With all the power outages caused by Hurricane Sandy, you might have turned to your bookshelf for entertainment, only to discover that you needed a new book to read. Well, never fear, Brooklynites! Our bet is that you’ll probably find what you’re looking for at one of our eight favorite bookstores in the borough. Inspired by our list of the Top Ten Bookstores in Manhattan, we’ve scoped out the best independent booksellers from Williamsburg to Prospect Heights to Park Slope, and what we found is pretty exciting.
True to its name, powerHouse Arena in DUMBO is known for keeping a packed schedule of high profile, interesting, and sometimes zany literary events that are open to the public. Perhaps my personal favorite of the best bookstores in Brooklyn, powerHouse is also one of the most massive, boasting 24-foot ceilings and six rows of built-in concrete amphitheater-style seating for their events, which usually feature free drinks from Brooklyn Brewery. Unfortunately, like many of the local shops nearby, the bookstore was hit hard by the hurricane–their 5,000 square foot ground level experienced a foot and a half of water damage during the storm surges, and within only 20 minutes, the bookstore was flooded. Dedicated to staying strong through this crisis, the store is holding a #SandyHatesBooks fundraiser in order to pay for the damages (they don’t have flood insurance). In the meantime, we’re keeping our fingers and toes crossed for a speedy recovery for powerHouse.
Walk down Metropolitan Avenue toward Union Avenue, and you’ll stumble across a strange storefront, advertising “Italian, French, and Sicilian Bread…and Comic Booklets.” No, dear friends, this is not a bakery; it is Desert Island comics, a fiercely independent purveyor of all published material that is artistic and worth reading. It’s an oddly visual little shop, too, filled with artwork for purchase by local and international artists. “It’s not exclusively about comics,” owner Gabriel Fowler said in a 2008 interview with Block Magazine. “I wanted to have work in here that’s affordable art. It’s about community and the quality of the stuff.” Even if Sandy’s got you grounded for now, you can still check out Desert Island once the subways are up and running at the upcoming Brooklyn Comics and Graphics Festival, at Our Lady of Mt. Carmel Church in Williamsburg from 12-7 P.M. on November 10. (We love the store’s current Halloween display window, created by local artist Gary Lieb–check it out here).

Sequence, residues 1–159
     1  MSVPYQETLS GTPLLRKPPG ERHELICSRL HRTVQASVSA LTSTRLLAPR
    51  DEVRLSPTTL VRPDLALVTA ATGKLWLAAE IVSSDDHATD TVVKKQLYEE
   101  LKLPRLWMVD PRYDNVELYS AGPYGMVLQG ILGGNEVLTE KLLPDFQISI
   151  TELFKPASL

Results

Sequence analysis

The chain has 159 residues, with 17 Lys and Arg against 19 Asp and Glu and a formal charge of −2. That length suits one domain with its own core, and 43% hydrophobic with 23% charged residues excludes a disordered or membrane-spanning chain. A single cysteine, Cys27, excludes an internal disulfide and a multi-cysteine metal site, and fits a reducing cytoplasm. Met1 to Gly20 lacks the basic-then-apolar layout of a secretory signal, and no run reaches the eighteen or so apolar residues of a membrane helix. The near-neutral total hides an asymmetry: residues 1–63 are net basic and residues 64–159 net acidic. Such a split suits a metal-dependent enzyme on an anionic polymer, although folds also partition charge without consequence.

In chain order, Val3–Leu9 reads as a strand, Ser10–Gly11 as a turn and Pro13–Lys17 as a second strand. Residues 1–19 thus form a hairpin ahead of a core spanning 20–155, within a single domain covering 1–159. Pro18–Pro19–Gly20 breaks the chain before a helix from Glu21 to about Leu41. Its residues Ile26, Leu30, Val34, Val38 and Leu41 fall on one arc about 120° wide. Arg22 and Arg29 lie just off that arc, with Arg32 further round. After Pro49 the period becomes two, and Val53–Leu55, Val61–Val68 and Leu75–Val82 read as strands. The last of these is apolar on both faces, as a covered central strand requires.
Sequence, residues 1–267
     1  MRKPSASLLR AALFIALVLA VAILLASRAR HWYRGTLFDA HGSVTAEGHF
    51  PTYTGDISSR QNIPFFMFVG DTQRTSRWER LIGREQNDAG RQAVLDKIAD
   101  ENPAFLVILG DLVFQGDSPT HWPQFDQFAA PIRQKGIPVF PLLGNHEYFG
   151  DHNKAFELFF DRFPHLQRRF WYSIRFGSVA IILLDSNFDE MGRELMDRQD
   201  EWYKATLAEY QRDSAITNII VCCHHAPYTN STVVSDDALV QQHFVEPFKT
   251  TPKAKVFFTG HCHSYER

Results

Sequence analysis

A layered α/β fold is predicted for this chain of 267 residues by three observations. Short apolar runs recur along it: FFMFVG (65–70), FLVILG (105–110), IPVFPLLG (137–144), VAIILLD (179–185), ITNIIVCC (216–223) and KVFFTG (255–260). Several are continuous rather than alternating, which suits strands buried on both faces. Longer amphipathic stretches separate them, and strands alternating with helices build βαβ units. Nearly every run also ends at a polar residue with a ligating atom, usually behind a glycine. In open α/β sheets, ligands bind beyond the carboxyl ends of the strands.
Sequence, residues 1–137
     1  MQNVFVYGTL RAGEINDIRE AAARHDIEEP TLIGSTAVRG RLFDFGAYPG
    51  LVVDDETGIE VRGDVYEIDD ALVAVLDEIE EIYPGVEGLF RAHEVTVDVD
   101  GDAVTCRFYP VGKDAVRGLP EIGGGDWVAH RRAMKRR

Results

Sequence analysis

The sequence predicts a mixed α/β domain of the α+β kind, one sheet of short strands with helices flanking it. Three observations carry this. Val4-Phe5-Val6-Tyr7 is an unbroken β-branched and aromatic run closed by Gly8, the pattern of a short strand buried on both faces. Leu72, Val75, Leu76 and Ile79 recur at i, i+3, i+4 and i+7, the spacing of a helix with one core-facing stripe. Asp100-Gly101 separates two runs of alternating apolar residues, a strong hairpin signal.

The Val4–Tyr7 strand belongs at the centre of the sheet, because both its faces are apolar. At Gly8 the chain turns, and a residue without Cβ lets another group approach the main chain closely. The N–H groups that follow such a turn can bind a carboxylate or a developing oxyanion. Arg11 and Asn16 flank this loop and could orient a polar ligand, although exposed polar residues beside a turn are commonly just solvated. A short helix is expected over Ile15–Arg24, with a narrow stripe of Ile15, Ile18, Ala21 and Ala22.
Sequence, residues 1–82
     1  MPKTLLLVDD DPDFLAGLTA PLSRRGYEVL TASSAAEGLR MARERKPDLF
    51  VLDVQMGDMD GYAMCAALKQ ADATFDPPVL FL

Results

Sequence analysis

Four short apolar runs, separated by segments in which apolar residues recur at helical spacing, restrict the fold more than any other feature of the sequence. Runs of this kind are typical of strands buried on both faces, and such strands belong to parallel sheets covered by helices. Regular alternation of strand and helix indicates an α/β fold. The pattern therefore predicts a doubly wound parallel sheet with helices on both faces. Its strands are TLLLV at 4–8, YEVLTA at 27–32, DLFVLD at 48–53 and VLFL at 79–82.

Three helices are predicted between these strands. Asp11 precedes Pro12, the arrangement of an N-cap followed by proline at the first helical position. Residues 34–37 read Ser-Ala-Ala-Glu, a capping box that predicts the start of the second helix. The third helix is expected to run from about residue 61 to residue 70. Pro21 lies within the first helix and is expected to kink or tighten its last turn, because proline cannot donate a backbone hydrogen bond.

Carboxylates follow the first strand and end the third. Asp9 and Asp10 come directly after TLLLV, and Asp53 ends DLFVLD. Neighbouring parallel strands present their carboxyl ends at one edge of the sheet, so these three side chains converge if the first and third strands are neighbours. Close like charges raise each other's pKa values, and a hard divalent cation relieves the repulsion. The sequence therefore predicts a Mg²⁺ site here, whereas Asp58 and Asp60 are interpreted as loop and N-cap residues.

Truly a community institution (even down to its establishment in 2008, which was funded largely by approximately 70 individual community lenders), Greenlight Bookstore in Fort Greene is well-stocked in multiple genres, and its beautiful, curvaceous interior lends itself well to the multiple book clubs that meet there every week. We like Greenlight because of the friendly vibe of the place–the staff is incredibly knowledgeable, and, if you become a regular here, just as apt to start up a conversation with you about your family as about their opinions on the latest bestseller or a hot indie find that they’re obsessed with.